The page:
-the matter contained therein may be brought into immediate discussion.

I submit that under this rule the matter may be brought into immediate discussion. It is not my intention to discuss the merits of the petition. It is only because it is one of those which I feel fall within subsection 8 of standing order 70 that I wish to give the house an indication of what it says so we may decide whether or not it should be brought forward for immediate discussion. In order to do this I would indicate what the prayer says.

Topic:   INDIAN AFFAIRS
Subtopic:   PETITION WITH RESPECT TO APPOINTMENT OF JOINT COMMITTEE, ETC.
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PC

Edmund Davie Fulton (Minister of Justice and Attorney General of Canada)

Progressive Conservative

Hon. E. D. Fulton (Minister of Justice):

It

seems clear to me on reading subsection 8 of standing order 70 that any debate that can be allowed can only take place tomorrow on the report of the clerk of petitions, and not immediately on the presentation of the petition, if it is a matter requiring immediate or urgent attention. Indeed, subsection 7 says:

On the next day following the presentation of a petition the clerk of the house shall lay upon the table the report of the clerk of petitions upon the petitions presented and such report shall be printed in the Votes and Proceedings of that day-

Then subsection 8 says:

No debate shall be permitted on the report but a petition referred to therein may be read by the clerk of the house at the table, if required; or if it complain of some present personal grievance requiring an immediate remedy, the matter contained therein may be brought into immediate discussion.

It is clear, therefore, that discussion, if such discussion be in order, could not take place today but only tomorrow.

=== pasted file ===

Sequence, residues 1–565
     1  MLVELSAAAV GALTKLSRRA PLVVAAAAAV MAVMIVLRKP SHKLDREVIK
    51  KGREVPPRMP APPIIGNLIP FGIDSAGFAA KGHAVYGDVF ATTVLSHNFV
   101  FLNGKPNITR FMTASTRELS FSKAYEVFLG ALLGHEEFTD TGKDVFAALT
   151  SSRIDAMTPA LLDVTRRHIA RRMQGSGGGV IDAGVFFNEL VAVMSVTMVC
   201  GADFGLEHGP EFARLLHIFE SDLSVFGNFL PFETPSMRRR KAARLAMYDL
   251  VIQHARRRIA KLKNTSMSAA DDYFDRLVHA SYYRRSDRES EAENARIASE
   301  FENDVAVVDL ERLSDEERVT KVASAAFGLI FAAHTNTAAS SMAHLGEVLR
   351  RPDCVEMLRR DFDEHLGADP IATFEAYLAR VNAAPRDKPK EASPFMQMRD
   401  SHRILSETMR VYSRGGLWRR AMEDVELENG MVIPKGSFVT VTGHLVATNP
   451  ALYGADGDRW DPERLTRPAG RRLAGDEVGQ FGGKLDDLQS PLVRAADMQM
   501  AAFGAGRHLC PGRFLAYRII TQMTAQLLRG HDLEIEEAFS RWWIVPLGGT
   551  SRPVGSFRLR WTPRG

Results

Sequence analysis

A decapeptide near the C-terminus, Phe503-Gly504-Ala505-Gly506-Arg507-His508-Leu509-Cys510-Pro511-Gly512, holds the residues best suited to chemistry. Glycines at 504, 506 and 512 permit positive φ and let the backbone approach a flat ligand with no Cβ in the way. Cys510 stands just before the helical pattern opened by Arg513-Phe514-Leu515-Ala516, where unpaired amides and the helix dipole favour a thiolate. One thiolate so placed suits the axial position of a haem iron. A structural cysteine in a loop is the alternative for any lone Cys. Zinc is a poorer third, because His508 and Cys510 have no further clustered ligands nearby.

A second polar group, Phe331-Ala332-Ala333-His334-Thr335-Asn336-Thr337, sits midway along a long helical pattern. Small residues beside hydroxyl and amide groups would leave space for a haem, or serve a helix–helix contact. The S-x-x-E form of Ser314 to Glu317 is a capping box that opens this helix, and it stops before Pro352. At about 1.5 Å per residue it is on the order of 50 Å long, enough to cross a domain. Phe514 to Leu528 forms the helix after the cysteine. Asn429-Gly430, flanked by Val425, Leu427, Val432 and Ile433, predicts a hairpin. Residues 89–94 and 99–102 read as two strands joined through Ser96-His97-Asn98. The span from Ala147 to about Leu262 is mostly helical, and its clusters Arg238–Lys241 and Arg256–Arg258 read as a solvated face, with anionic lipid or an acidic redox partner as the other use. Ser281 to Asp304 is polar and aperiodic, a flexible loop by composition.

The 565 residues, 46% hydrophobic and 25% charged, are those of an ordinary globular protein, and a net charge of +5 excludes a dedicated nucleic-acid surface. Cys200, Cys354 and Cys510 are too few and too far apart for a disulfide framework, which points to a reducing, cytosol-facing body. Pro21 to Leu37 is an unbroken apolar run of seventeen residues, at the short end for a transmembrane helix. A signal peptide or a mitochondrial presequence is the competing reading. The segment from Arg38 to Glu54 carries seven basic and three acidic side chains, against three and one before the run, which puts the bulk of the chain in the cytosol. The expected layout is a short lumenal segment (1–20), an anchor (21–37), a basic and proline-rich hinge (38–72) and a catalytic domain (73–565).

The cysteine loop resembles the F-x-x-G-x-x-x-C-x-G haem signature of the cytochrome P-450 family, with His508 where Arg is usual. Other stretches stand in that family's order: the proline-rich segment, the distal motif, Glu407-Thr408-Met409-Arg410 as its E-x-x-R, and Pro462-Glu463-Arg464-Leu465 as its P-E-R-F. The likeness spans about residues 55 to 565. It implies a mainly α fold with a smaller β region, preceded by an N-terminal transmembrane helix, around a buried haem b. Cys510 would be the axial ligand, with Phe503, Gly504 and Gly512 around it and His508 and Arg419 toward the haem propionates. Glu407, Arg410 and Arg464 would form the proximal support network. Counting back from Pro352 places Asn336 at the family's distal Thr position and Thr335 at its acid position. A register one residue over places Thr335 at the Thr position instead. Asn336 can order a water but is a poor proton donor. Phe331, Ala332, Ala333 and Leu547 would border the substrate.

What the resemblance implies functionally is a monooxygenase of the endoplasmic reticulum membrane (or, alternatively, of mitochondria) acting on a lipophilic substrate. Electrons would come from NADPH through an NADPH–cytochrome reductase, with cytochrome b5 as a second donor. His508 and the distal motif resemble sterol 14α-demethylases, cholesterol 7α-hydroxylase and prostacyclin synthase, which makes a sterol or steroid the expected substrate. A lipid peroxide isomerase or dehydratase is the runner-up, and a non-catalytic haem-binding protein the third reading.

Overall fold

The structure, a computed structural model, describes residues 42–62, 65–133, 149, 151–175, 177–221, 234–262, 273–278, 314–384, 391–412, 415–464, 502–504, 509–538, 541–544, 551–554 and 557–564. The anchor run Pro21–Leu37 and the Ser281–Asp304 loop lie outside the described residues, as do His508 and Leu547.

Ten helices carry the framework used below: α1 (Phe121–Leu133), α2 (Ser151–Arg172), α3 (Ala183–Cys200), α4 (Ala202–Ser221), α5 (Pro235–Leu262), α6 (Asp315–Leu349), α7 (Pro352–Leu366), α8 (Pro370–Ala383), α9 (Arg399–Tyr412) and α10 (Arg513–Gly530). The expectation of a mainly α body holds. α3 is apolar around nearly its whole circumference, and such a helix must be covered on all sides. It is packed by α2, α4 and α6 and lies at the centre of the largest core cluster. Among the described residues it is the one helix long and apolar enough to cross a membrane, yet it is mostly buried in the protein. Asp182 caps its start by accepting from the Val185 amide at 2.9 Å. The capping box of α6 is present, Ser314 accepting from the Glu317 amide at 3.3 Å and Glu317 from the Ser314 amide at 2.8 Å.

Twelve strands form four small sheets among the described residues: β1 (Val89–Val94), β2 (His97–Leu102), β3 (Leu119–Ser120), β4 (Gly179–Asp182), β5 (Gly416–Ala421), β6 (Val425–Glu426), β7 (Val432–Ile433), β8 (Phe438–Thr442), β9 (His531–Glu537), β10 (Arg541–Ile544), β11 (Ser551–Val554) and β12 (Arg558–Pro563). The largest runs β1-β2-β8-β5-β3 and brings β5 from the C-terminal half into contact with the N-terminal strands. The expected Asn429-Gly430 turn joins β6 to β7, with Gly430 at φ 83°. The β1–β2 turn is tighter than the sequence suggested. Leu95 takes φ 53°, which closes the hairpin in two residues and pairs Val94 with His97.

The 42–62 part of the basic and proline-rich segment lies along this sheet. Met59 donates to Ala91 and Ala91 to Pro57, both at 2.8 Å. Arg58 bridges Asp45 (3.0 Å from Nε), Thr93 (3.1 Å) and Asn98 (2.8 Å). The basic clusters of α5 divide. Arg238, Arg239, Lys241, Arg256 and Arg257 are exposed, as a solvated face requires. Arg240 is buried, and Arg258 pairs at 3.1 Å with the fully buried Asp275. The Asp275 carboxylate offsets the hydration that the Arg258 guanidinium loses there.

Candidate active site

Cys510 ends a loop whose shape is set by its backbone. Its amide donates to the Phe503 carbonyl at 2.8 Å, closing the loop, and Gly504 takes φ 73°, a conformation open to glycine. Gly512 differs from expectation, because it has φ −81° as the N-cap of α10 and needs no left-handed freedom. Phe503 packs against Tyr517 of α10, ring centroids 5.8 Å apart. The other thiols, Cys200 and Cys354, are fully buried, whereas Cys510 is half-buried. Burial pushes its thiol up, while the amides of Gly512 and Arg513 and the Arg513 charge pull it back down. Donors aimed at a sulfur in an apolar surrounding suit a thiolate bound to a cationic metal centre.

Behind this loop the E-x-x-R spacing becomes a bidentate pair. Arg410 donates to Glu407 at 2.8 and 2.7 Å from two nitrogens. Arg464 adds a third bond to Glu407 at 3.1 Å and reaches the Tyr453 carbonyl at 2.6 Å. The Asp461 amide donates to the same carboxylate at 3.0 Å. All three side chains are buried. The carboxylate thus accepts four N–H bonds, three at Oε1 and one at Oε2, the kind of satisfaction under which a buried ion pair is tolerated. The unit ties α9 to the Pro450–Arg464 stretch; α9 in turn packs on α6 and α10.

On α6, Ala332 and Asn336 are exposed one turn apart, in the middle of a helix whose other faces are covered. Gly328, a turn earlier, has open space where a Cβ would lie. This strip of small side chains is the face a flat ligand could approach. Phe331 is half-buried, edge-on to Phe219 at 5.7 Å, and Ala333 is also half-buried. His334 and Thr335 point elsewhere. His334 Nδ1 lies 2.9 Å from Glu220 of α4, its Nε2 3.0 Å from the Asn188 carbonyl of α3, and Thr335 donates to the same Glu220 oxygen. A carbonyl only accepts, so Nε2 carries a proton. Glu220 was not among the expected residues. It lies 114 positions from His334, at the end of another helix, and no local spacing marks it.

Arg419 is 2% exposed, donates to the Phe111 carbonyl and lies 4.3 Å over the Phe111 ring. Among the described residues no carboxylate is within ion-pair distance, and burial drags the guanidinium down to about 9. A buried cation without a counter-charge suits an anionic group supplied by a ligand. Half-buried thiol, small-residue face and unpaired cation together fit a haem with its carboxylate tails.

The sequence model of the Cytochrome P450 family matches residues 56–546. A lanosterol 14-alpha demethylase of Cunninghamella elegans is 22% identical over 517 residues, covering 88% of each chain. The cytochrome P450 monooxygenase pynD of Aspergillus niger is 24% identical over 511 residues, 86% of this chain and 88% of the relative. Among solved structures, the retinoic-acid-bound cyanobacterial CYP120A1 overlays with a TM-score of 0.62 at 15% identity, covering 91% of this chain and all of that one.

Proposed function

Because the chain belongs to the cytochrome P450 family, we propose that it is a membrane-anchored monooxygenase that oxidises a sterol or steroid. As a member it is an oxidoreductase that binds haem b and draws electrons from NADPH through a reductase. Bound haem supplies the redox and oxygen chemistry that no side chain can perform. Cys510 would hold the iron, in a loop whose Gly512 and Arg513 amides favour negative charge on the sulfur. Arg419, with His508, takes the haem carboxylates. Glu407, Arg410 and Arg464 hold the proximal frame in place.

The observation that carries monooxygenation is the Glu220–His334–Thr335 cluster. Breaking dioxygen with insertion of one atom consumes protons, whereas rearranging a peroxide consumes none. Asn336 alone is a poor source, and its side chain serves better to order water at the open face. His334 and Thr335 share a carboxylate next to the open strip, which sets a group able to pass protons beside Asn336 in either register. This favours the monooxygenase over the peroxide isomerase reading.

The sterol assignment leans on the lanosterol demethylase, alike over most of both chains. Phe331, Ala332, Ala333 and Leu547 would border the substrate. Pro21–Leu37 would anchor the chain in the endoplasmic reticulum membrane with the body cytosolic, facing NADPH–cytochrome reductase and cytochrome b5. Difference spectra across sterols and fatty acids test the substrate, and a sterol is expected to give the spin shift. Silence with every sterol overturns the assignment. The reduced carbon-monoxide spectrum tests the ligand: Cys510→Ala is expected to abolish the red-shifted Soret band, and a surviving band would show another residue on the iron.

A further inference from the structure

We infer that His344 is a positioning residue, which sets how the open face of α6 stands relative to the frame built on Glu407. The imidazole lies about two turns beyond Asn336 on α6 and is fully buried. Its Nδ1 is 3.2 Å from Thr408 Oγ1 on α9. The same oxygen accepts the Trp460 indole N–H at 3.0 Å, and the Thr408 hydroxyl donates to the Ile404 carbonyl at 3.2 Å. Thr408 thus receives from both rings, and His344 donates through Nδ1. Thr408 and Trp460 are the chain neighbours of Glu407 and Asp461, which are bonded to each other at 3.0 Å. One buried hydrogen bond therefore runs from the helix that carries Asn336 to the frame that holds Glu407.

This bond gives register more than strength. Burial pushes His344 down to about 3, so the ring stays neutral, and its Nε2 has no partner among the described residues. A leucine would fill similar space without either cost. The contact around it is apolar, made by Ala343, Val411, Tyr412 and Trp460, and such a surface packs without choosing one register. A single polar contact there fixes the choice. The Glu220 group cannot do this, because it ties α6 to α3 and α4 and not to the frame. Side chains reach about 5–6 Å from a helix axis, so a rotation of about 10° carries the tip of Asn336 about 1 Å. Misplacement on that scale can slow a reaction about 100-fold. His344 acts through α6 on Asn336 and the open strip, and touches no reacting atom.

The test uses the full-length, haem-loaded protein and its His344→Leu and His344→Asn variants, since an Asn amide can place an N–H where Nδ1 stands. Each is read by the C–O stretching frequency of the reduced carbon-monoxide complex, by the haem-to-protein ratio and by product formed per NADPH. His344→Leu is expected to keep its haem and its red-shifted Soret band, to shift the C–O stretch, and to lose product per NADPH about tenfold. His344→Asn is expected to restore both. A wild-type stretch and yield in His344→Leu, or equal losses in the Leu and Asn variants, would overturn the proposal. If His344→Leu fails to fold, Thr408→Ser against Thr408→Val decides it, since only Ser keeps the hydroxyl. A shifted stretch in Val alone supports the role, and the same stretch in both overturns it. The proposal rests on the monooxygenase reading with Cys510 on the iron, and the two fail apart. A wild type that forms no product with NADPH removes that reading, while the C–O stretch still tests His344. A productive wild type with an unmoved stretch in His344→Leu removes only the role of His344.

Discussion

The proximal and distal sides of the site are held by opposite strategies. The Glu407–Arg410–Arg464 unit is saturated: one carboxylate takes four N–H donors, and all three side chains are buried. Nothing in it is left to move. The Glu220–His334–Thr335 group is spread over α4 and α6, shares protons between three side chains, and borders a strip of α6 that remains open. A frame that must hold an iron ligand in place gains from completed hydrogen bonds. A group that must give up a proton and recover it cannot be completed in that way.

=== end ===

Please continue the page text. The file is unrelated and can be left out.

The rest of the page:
Topic:   INDIAN AFFAIRS
Subtopic:   PETITION WITH RESPECT TO APPOINTMENT OF JOINT COMMITTEE, ETC.
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CCF

Frank Howard

Co-operative Commonwealth Federation (C.C.F.)

Mr. Howard:

With respect to the point of order raised by the Minister of Justice, I would point out that there is relatively little precedent in our rules but there is in the United Kingdom a quite extensive reference to the presentation of petitions and to bringing the matter forward for discussion immediately. I think, sir, a reference to May's "Parliamentary Rules and Practices", sixteenth edition, will show that standing order 93 is comparable to our standing order 70. You will find that the procedure is that which I suggest should be followed here, namely that there should be an immediate discussion allowed.

Topic:   INDIAN AFFAIRS
Subtopic:   PETITION WITH RESPECT TO APPOINTMENT OF JOINT COMMITTEE, ETC.
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PC

Daniel Roland Michener (Speaker of the House of Commons)

Progressive Conservative

Mr. Speaker:

What is the page?

Topic:   INDIAN AFFAIRS
Subtopic:   PETITION WITH RESPECT TO APPOINTMENT OF JOINT COMMITTEE, ETC.
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CCF

Frank Howard

Co-operative Commonwealth Federation (C.C.F.)

Mr. Howard:

It is page 1075, and deals with standing orders of the United Kingdom as they relate to petitions. They are comparable to ours and were adopted in 1842. They have been in use ever since. There is also an instance which can be found in our Canadian Journals relating to the petition of the Bishop of Ontario in 1880. I can give the reference

to Your Honour there. It is at page 130 of March 12 of that year. There is a reference to a petition which was presented that day:

And the said petition was read and received: praying that the bill now before parliament, to legalize marriage with the sister of a deceased wife, may not become law at present, but that the various religious bodies of the dominion be allowed an opportunity of expressing their convictions regarding it.

Ordered, that the said petition be printed.

It was discussed and reference was made to it at that time. I suggest this is substantially the position of this petition, in that it relates to the business of the house. It prays that some of the business of the house be speeded up, namely the motion of the Minister of Citizenship and Immigration, to give immediate consideration to the setting up of that joint committee; and prays, second, that Bills Nos. C-2 and C-3 be not proceeded with beyond the stage which will allow citizens outside the house to appear before the committee and present their ideas. This is substantially the position which existed in parliament in 1880 in the reference that I read.

Topic:   INDIAN AFFAIRS
Subtopic:   PETITION WITH RESPECT TO APPOINTMENT OF JOINT COMMITTEE, ETC.
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March 3, 1960